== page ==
Plot Summary:

"The Patient"
by E. Mayne Hull

"The Patient" was credited to van Vogt's wife E. Mayne Hull, and was published in the same issue as his The Book of Ptath. These two items not only dominated but just about filled that month's issue.

Tragically, cancer — the "hero" of this piece — claimed Hull's life in January of 1975.

During the Second World War, a hospital in England houses a wing where Dr. Brett has devoted his life to finding a cure for cancer.

The guards in front of the hospital see a parachute fall nearby and investigate, expecting it to be a Nazi paratrooper. They find no person and no parachute, and when they hear a noise it turns out to be just a dog. Baffled, they return to duty.

The dog approaches the entrance and transforms into a man. He walks in and requests to see Dr. Brett.

The doctor's assistant admits the man, who introduces himself as Peter Grainger, a famous cancer patient. He meets with Dr. Brett and tries to discover what his treatment is. Once Grainger has established to his satisfaction that the doctor is on the right track, he tells him that he must die and all those who know of the doctor's cure techniques. Appalled, the doctor protests that his research is vital to man's survival; Grainger says he is doing just the opposite by destroying the one hope mankind has of achieving a totally adaptive ability that stems from the cell and growth behavior of cancerous cells. Grainger has achieved such a state, which allows him to assume any form at will. Grainger transforms himself into a bomb and destroys the wing of the hospital. Grainger reforms himself and leaves.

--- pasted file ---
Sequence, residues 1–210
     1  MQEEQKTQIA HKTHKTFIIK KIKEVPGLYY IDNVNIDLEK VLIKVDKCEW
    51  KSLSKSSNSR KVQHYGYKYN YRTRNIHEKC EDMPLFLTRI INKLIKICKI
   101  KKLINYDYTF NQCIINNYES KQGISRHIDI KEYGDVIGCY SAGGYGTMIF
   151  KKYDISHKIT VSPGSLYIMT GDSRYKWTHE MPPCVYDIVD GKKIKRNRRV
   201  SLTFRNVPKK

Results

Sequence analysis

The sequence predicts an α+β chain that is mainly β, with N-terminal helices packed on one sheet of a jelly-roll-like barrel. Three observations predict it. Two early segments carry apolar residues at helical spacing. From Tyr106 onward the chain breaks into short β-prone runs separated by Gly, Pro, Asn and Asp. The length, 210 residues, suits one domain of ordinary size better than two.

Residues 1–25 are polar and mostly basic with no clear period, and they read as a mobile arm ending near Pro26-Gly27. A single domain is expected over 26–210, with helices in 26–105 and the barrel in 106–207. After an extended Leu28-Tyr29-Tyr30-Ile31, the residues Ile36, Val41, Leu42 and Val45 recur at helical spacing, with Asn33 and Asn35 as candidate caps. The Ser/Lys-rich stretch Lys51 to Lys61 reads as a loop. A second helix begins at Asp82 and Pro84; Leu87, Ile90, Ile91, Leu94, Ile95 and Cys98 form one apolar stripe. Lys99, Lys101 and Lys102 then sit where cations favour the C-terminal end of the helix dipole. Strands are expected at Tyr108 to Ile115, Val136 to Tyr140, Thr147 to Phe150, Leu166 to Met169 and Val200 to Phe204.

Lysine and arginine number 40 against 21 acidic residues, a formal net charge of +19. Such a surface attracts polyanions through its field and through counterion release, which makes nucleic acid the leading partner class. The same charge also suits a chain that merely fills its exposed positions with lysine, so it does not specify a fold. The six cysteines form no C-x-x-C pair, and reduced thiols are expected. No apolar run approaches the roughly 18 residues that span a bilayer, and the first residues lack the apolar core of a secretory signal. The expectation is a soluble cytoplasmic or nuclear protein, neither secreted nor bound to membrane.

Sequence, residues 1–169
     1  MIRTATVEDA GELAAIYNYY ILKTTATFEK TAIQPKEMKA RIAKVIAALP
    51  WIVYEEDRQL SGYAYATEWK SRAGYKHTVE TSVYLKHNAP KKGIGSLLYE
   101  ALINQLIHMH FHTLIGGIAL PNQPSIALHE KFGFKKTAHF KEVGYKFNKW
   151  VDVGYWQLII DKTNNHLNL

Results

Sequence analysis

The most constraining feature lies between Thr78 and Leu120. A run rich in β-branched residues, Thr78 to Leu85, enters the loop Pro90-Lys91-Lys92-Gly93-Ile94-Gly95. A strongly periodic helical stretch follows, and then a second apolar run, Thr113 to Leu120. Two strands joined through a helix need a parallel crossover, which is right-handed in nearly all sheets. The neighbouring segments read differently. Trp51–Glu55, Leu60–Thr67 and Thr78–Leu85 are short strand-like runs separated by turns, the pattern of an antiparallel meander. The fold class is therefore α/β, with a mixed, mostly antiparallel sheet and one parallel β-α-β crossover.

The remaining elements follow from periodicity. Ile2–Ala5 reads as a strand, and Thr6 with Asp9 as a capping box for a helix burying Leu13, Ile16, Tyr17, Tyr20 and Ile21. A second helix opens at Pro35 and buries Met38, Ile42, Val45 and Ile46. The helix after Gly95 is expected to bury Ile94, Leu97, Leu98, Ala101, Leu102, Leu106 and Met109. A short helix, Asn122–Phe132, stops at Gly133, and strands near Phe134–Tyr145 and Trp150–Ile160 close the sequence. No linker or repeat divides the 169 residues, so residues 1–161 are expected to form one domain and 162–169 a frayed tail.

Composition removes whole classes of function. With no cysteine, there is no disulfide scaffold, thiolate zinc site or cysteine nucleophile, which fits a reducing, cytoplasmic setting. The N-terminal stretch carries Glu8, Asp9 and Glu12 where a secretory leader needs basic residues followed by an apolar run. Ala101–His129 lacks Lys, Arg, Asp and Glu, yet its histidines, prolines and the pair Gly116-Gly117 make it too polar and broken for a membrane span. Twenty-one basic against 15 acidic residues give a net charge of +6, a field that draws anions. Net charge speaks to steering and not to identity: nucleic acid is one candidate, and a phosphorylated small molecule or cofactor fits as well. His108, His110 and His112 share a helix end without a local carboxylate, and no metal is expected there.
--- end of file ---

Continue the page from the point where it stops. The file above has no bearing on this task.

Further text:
Later, the disaster is reported as another building destroyed during a German bombing raid.


This is an incredible story, and very effective due to its short length and mysterious implications.